This example from 7 January 1888 lists people from across the country who passed civil servant\’s exams:

Source: Internet Archive
https://archive.org/stream/canadagazettelag2121cana#page/n30/mode/1up

 And finally, here\’s an interesting one about Alexis Gosselin. It states that he is able \”…to exact and receive the tolls or dues for passing on the Bridge erected by the said Alexis Gosselin, over the River Boyer, in the Parish of St. Vallier, County of Bellechasse…\”. It goes on to list the toll fees, and is dated 8 November 1842:

Source: Collections Canada
http://www.collectionscanada.gc.ca/databases/canada-gazette/093/001060-119.01-e.php?document_id_nbr=1756&image_id_nbr=1489&f=g&PHPSESSID=rd5u3qnq25mg5ffoqm4f4ejkk0

Where to Find Publications 
From 1841 to 1998 the Canada Gazette was solely in print form. From 1998 to 2014 it was both in printed and digital form. From 2014 on wards it has become a digital only publication.

A quick search of provincial archives shows that some have copies in their holdings on microfilm. But the best place to search is on the archived Library and Archives Canada website here. They have digitized the majority of the issues from 1841-1997. You can download them in either GIF or PDF form. They are searchable, so at least you won\’t have to browse page by page. However, keep in mind that the search function looks for the keywords on the whole page, not by notice. So, if you type in \”Smith bankruptcy\”, your result may show a page that has both a notice that contains the word \”Smith\”, and a completely different notice on the same page that contains \”bankruptcy\”.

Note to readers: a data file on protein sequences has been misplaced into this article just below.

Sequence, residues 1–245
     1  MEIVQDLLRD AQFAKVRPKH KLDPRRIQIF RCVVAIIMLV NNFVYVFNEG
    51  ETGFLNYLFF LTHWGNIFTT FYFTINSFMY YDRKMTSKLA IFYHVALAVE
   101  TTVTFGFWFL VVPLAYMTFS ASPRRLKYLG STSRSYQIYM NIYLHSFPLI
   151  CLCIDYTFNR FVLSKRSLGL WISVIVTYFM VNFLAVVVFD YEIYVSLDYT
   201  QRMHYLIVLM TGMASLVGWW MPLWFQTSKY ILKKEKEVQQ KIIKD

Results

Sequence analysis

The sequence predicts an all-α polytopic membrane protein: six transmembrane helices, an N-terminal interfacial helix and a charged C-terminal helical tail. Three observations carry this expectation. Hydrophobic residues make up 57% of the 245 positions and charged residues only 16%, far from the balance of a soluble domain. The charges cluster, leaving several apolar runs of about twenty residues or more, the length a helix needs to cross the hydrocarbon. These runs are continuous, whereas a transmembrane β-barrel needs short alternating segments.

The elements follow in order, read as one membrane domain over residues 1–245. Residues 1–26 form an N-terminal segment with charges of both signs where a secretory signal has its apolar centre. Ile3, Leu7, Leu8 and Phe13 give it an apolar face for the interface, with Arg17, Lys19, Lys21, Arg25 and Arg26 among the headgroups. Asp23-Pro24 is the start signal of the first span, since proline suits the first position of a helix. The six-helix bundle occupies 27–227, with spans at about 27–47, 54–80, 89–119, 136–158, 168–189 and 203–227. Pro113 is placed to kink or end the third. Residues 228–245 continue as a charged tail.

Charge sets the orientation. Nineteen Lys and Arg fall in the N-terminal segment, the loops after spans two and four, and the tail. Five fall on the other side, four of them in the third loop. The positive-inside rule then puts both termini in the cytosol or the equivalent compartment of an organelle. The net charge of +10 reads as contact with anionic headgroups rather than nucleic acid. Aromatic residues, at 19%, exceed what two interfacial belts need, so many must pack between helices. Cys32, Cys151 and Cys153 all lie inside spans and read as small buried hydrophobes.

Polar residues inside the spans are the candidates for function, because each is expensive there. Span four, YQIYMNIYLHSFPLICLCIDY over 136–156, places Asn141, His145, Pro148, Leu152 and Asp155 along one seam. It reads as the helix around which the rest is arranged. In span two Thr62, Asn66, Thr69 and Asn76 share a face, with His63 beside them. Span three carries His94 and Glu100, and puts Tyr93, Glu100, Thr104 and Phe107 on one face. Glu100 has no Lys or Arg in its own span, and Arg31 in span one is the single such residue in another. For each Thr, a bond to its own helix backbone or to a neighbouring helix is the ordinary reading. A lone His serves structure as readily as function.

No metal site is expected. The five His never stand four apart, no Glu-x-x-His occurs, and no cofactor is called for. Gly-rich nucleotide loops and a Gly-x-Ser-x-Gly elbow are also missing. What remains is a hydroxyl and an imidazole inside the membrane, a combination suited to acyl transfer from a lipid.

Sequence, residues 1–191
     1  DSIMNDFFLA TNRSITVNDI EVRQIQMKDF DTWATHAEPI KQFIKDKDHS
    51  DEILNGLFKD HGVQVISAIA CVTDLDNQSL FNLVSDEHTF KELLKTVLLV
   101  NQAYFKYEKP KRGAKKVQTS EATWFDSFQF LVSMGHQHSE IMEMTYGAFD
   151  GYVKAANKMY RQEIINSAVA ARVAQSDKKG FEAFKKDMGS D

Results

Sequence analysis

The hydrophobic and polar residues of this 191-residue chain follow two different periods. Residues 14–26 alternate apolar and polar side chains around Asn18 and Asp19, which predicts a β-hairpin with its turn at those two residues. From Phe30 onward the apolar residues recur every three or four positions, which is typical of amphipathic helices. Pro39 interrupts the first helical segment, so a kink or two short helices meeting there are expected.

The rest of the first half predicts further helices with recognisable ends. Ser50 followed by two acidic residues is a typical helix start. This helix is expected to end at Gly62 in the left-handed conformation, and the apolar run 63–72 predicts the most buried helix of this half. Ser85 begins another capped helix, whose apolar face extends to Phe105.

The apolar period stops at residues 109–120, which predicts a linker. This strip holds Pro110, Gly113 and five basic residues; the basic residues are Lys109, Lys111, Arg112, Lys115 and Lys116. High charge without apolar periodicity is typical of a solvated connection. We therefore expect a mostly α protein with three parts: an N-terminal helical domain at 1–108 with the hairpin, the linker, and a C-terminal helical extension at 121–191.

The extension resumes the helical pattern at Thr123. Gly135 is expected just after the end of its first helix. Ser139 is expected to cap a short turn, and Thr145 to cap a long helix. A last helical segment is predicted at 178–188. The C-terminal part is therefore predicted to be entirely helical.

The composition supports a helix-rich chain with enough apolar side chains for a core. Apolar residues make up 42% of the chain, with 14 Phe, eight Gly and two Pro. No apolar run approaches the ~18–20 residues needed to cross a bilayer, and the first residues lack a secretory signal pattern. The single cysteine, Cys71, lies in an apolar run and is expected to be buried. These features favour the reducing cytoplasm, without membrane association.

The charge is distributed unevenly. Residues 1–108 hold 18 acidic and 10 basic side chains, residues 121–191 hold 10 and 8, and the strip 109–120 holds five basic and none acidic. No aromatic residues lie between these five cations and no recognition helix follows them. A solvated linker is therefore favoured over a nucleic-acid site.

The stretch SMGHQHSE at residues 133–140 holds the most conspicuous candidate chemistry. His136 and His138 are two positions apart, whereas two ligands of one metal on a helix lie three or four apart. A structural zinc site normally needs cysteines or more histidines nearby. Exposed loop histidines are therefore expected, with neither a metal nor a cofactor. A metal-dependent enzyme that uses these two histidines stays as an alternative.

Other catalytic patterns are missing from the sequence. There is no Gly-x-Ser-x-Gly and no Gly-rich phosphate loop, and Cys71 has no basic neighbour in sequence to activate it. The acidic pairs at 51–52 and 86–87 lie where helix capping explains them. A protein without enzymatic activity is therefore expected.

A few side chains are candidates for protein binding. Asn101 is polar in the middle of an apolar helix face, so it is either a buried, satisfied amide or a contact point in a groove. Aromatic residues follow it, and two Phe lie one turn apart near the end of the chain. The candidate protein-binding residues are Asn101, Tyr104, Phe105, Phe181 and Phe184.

If your looking for something from 1998 to 2011, you can look it up on the Canada Gazette website here. These are in PDF form. They are NOT searchable by keyword. However, the file names have the publication dates, so if you know the approximate time period, you will only have to do a minimum of browsing.

You can access publications from 2012 on wards here. The format is the same as above. They are PDFs and are NOT searchable by keyword.

They are various editions editions digitized on Internet Archive here. Using keywords \”Canada Gazette\” gave me 716 results.

A final word of warning: This is one of those resources where you\’ll have to be careful not to go down a \”rabbit hole\” as I like to call it. You can get so caught up looking at the notices that you WILL lose track of time. Try and stay focused, and you\’ll be surprised at what you may find.

2 thoughts on “Research Your Ancestors in the Canada Gazette

  1. Thanks Penny! I had known about the Canada Gazette for a long time, but never really looked closely at it before. It wasn't until I was doing my series on divorce that I realized just how much information it contains. Truth be told, this post took longer than usual to write because I kept finding new and interesting things.

    Like